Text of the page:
Concepts and Generic Knowledge

Select the BEST response alternative for each of the questions below.

1. It seems unlikely that our conceptual knowledge is represented by mental definitions because:
A) each person has his or her own idea about how concepts should be defined.
B) many of our abstract concepts (e.g., justice, love, God) are difficult to define.
C) it is easy to find exceptions to any proposed definition.
D) most of our concepts are difficult to express in words.
2. According to prototype theory, the mental representation for each concept:
A) represents an average or ideal for the category's members.
B) specifies the necessary and sufficient conditions for category membership.
C) is located on the boundary of the category.
D) lists the perceptual features that are found only in that category.
3. The term "basic-level category" refers to the:
A) level of categorization regarded by most participants as indisputable.
B) most general level of categorization participants can think of.
C) most specific level of categorization participants can think of.
D) most natural level of categorization, which is neither too specific nor too general.
4. According to exemplar-based theories of mental categories, participants identify an object by comparing it to a:
A) prototype.
B) single remembered instance of the category.
C) definition.
D) mental image.
5. A mutilated lemon will still be categorized as a lemon, while a counterfeit $20 bill will not be categorized as money. What does this say about categorization?
A) Psychologists will never understand categorization.
B) Category membership cannot be based on resemblance alone.
C) Category membership is based on previously encountered examples.
D) Prototype theory is the most accurate theory of categorization.
6. The text points out that plums and lawn mowers share many traits. This suggests that:
A) there is a strong resemblance between plums and lawn mowers.
B) resemblance is not influenced by shared traits.
C) in judging resemblance, we must determine which traits matter and which do not.
D) distinctive traits, and not shared traits, determine resemblance judgments.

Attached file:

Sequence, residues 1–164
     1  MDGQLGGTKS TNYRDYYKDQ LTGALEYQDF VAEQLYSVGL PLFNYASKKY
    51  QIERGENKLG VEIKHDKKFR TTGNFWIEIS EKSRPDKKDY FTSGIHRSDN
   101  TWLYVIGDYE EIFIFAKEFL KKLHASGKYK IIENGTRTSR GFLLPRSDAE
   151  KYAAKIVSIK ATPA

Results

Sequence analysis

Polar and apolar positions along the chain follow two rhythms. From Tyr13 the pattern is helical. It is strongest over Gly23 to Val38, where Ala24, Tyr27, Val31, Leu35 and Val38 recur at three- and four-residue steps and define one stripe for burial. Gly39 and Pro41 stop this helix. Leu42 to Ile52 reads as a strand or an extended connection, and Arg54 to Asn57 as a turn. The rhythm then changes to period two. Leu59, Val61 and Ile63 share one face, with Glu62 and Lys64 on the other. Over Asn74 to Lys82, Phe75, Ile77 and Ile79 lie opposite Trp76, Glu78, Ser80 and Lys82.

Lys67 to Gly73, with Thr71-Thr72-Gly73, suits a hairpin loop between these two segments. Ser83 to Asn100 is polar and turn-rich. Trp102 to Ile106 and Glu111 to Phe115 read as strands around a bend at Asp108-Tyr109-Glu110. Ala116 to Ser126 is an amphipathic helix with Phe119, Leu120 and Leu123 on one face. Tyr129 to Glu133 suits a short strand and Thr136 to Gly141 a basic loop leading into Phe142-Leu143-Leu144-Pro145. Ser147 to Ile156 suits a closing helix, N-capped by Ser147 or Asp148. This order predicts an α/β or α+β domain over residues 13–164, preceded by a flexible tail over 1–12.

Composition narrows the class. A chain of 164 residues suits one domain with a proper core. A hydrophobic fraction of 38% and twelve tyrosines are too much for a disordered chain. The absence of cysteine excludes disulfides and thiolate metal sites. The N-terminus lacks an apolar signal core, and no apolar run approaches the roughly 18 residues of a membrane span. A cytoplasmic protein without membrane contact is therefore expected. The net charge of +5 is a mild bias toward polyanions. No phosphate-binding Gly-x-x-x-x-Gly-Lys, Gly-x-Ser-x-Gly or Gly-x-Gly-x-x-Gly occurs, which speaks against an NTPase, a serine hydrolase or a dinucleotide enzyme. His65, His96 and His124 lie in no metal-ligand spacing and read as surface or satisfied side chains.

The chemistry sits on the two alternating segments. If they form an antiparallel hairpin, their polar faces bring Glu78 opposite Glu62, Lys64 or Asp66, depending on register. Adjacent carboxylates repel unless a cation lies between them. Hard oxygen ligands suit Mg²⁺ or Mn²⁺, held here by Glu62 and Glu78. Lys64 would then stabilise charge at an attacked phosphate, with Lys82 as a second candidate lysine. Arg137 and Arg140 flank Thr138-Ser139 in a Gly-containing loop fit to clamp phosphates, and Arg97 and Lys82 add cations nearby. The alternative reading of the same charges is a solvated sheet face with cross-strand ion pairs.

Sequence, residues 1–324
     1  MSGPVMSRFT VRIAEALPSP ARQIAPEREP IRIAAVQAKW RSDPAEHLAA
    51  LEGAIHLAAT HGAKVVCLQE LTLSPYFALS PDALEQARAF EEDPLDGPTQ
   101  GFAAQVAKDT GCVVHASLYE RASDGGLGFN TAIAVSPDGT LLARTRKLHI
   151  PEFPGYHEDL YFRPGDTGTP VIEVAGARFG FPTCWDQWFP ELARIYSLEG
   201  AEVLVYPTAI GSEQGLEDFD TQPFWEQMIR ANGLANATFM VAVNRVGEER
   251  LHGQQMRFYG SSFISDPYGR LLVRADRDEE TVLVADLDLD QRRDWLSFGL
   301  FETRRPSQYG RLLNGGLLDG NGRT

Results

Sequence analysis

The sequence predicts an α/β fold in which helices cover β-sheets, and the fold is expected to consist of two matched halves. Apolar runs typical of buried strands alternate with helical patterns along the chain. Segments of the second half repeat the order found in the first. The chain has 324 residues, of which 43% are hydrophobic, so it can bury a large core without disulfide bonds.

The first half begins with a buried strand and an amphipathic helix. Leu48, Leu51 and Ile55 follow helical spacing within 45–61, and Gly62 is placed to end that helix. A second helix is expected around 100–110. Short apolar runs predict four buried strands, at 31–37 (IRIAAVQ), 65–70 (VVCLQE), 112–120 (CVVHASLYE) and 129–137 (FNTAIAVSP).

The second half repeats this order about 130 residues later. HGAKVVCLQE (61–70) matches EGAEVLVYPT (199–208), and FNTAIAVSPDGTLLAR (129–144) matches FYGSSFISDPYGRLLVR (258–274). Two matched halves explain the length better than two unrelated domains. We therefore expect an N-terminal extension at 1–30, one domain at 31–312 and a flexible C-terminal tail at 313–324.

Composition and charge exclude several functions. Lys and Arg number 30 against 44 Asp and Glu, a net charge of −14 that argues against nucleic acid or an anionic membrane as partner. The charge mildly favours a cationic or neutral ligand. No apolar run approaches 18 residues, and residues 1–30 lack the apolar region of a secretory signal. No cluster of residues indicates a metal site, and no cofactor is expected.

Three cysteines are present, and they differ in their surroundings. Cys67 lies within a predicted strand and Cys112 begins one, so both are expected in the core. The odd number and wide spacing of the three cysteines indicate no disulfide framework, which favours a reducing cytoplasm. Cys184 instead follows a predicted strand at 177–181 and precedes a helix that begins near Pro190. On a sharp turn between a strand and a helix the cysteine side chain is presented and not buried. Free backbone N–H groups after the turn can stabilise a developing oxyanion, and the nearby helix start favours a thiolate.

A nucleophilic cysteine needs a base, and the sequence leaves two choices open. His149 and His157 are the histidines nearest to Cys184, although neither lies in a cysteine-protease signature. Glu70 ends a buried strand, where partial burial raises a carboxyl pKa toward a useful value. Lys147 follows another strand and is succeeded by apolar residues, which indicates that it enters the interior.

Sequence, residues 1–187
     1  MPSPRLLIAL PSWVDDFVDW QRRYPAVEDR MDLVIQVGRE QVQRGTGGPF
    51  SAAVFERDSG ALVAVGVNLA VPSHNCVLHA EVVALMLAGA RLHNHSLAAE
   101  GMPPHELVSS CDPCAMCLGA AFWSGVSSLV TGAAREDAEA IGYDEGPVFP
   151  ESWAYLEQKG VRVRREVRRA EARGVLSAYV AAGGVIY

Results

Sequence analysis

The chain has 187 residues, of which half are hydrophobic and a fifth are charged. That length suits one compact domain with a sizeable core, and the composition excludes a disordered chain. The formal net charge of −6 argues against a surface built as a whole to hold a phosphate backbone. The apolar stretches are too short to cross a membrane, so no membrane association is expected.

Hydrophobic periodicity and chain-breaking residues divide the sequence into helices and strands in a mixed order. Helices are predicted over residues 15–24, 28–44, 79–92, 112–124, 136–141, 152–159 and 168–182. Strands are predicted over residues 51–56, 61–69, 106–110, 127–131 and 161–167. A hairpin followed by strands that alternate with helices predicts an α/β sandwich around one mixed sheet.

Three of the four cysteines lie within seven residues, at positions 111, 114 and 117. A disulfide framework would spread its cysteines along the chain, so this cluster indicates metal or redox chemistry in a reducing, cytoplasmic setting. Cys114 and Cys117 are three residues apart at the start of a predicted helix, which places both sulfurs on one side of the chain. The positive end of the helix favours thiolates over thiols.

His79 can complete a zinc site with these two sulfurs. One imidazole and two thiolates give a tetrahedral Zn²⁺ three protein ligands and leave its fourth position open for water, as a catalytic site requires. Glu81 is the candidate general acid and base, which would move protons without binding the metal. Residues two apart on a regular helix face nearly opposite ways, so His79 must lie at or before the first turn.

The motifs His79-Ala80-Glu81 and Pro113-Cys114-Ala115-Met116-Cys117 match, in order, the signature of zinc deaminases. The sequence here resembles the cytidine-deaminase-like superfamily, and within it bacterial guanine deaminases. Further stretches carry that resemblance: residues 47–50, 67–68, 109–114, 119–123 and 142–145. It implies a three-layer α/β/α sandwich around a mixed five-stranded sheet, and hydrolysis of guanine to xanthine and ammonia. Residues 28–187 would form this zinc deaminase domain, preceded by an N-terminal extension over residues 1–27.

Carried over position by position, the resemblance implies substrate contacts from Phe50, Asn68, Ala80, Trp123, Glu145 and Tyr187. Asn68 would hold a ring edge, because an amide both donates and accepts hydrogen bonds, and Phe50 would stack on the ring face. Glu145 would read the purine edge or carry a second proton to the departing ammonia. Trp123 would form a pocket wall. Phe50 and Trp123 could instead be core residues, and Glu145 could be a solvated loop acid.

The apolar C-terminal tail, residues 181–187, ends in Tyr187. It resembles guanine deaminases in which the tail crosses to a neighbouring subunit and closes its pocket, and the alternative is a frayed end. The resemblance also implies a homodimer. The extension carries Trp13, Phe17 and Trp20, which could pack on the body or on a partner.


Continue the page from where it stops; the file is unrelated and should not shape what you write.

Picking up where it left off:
7. Two clinicians are asked to diagnose a patient who shows symptoms of obsessive-compulsive disorder (OCD). The patient does not show any visible forms of depression. The first clinician believes that depression is an important cause of OCD and so does not diagnose the patient with OCD. The second clinician believes that depression is a by-product of OCD but not a root cause. Therefore, she diagnoses the patient as having OCD. This example illustrates that:
A) our beliefs and background knowledge influence how we categorize things.
B) clinicians are often mistaken in their diagnosis.
C) theories are often fallible and so should not be depended on in many situations.
D) theories are not involved when placing a test case into a particular category.
8. One study found that if participants were told a new fact about robins, they would also believe that the new fact was true of ducks. However, if told a new fact about ducks, participants would not extrapolate this information to robins. This suggests that:
A) participants treat each category member independently (on a case-by-case basis) when applying new beliefs.
B) participants are willing to make inferences from a typical case within a category to the whole category but not vice versa.
C) new knowledge about a member of a category is unstable, leading to a change in a person's belief system only on rare occasions.
D) beliefs within a theory are less likely to affect typical category members than atypical ones.
9. In the TLC model of Collins and Quillian (1969), they suggested that information in memory is organized:
A) vertically.
B) randomly.
C) hierarchically.
D) chronologically.
10. A proposition is defined as:
A) a node in a knowledge network.
B) a unit of knowledge that can be true or false.
C) a unit of knowledge that is stored.
D) the organizational structure of semantic knowledge in memory.

End of Quiz!

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